To receive and consider the attached report of the Chief Planning Officer which presents a position statement on a development of 78 affordable apartments in an 11 storey building with associated, cycle, bin and concierge space.
The report of the Chief Planning Officer presented a position statement on a development of 78 affordable apartments in an 11-storey building with associated cycle, bin and concierge space.
Members visited the site prior to the meeting and site plans and photographs were displayed and referred to throughout the discussion of the application.
Further issues highlighted in relation to the application included the following:
· The proposals were for a 100% affordable housing scheme.
· The site was well connected to public transport, the city centre and other amenities.
· The site was small and constrained by development on all sides. It had previously used a car park and was bounded by the SOYO scheme to the South and the Northern Ballet Centre to the south.
· The site had been specifically identified to deliver affordable housing in the city centre.
· The development would be available for those on the Leeds Housing Register and there was a critical need to provide homes available at social rent levels.
· There would be a mix of 1, 2 and 3 bedroom apartments.
· The construction would be of a light coloured masonry with some dark brickwork and floor to ceiling windows.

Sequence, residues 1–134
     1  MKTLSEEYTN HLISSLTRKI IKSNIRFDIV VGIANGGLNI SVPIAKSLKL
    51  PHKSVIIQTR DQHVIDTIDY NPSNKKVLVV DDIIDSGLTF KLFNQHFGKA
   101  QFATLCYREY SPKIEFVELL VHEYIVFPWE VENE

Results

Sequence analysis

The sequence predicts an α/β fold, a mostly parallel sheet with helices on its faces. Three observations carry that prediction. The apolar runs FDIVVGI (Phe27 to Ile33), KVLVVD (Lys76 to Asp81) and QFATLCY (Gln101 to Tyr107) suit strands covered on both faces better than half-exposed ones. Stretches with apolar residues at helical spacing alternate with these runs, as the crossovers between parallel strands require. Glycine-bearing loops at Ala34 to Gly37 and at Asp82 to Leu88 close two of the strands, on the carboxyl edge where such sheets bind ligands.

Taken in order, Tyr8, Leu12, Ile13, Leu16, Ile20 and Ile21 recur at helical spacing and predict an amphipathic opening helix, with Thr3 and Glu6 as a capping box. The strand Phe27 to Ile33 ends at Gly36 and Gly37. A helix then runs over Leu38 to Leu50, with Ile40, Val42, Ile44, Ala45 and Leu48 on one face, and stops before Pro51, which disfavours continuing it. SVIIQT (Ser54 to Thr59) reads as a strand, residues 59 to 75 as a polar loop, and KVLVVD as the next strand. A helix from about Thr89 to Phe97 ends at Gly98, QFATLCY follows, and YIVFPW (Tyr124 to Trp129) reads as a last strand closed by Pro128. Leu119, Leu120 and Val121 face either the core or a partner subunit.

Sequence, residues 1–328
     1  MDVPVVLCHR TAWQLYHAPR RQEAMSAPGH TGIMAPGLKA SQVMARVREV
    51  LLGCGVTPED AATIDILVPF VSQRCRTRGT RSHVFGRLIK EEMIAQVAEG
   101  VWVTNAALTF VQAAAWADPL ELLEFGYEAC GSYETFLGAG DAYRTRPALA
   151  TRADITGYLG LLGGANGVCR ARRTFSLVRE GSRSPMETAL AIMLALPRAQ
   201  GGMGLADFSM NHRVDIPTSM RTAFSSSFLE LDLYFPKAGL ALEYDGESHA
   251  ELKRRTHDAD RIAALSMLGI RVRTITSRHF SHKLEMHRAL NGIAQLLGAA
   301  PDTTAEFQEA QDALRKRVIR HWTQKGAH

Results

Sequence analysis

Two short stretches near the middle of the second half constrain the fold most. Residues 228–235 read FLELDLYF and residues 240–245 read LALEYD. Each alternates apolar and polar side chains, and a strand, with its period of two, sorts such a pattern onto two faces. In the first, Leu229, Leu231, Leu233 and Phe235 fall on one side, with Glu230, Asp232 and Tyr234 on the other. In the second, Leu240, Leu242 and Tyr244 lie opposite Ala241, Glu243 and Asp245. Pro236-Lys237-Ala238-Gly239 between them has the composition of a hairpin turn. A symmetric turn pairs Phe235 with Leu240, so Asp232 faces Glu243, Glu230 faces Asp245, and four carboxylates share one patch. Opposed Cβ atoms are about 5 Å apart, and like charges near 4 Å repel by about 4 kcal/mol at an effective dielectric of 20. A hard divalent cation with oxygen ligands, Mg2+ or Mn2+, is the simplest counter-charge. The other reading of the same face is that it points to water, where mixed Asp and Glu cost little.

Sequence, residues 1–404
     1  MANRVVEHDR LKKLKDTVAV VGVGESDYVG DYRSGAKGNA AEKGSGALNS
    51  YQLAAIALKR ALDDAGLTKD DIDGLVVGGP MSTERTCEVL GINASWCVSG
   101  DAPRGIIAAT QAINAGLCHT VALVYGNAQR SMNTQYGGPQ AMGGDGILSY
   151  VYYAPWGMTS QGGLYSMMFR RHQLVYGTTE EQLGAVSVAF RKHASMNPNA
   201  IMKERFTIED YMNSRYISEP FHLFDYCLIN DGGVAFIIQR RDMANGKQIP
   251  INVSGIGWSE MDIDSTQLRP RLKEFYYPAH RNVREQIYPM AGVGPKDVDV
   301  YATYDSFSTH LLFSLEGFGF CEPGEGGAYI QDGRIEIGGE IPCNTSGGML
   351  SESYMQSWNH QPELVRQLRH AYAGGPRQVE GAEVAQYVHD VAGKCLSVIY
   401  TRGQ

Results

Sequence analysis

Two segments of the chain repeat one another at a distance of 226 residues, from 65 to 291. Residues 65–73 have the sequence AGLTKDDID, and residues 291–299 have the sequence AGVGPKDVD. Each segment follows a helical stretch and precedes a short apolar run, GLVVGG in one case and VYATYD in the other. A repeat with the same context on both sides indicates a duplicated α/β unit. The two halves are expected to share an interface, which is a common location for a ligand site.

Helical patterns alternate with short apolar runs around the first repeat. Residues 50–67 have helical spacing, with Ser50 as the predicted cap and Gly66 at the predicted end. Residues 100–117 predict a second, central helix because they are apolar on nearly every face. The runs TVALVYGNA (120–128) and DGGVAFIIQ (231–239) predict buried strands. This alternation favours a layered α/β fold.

· There would be wind baffles within the site and would ensure safety to the entrance areas.
· There would be a new layby off St Cecilia street which would serve drop off and pick up as well as serving. There would not be any car parking. Cycle parking would be provided within the building.
· Separation distances between the proposed building and existing buildings were relatively low compared to general guidelines, but there were no policy requirements on separation distances in the city centre and examples of other similar relationships between buildings in the city were displayed.
· A daylight and sunlight report had been submitted and it was felt that light levels would be acceptable.
· There would be some impact on the Northern Ballet Centre with some overlooking. This would be mitigated with obscure glazing.
· Floor plans were displayed. The ground floor would include a reception area, plant equipment and three apartments.
· There was no requirement to provide outdoor space but open space was available in adjoining development areas and public parks were within 5 minute walking distance. There was a small, terraced area for the ground floor apartments.